Apple season! Are you tired yet of thinking of new ways of turning these delicious fruits into pies, purées, and pastries? Then, what better way to celebrate them than to try out this recipe from the 18th-century cookbook. These breaded apples come from the cookbook of Ulrika Eleonora Munck, who was married to a Swedish bishop.
The collection of handwritten recipes were most likely written down in 1770-1780. The book was passed down in the family and was recently found in the library of the castle Skånelaholm. The castle and the collection of books and manuscripts had been in a series of families and were donated by the last private owner to Kungl. Vitterhets Historie och Antikvitets Akademien.
Lucky us — they decided to publish a facsimile together with comments on its positions compared to other cookbooks at the time. The book was a considerate Christmas present, and I am only just now starting to cook my way through it, so expect more interesting recipes to follow! Once I’ve cooked more of them, I’ll share my own analysis of the book.
A translation of the original recipe would sound like this, with the original punctuation (or lack thereof):
Fried apples in butter
“Peel as many apples as you wish who are tasty and keep the stalks somewhat long dip them well in whisked egg white all around and roll them in finely grated wheat bread and brown them in melted butter place them on plates and turn the stalks up they are rather tasty.”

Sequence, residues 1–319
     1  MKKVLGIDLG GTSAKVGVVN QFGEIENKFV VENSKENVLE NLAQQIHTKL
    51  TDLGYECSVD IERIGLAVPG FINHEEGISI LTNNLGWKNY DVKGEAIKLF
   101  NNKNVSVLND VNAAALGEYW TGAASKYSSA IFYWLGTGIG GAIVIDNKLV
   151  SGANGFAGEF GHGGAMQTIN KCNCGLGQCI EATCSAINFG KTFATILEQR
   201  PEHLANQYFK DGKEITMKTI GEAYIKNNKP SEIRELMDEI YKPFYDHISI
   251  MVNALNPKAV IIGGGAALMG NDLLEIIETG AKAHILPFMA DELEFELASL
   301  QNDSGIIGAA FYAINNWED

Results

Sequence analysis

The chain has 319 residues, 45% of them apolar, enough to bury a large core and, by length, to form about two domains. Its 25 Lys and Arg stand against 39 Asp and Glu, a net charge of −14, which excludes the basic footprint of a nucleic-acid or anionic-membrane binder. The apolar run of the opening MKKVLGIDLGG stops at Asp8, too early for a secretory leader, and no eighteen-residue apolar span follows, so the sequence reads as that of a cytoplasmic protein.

— Kok Bok. Ulrika Eleonora Muncks receptsamling på Skånelaholm
So, what are they like?
I found them surprisingly enjoyable! The process is straightforward. Butter is, as always, a great companion, and the crumbs gave a nice texture. Apple pie-ish. Grating bread into breadcrumbs took a bit of practice but made for a very nice coating. By using small apples, the apples had the chance to cook and soften a bit, too.
A spontaneous dusting of cinnamon gave the breaded apples a bit more flavor. While cinnamon wasn’t included in the original recipe, it was common to feature it in various recipes at the time.
I don’t think anyone would spontaneously guess that these were based on an 18th-century recipe if you served them today. All in all, I would agree with Ulrika Eleonora Munck: they are “rather tasty”, indeed.
How to make 18th century breaded apples
If you want to make it more luxurious, use stale bread to make your own breadcrumbs. For four people.
4 small or medium-sized apples, with stalks
1 egg white and the smallest pinch of salt
5-6 tbsp breadcrumbs
3 tbsp butter
dusting of cinnamon
Peel the apples but keep the stalks intact. Use a fork to whisk the egg white with the salt until it has broken up. Roll the apples in the egg white until they are covered, then roll them in the breadcrumbs on a plate. Make sure they are evenly covered, first of egg white and then of breadcrumbs.
Heat the butter in a frying pan. Once the butter has gone quiet, fry the apples on medium heat on all sides until the apples become a bit softer (check them with a toothpick) and the breadcrumb coating has turned golden brown and a bit crispy.
Dash over a little cinnamon for extra flavor.
Serve the breaded apples as they are, or maybe with a custard or simple raw custard cream sauce. Vanilla ice cream could also be nice.
Vary the flavoring by sprinkling over dried grated ginger or cardamom instead.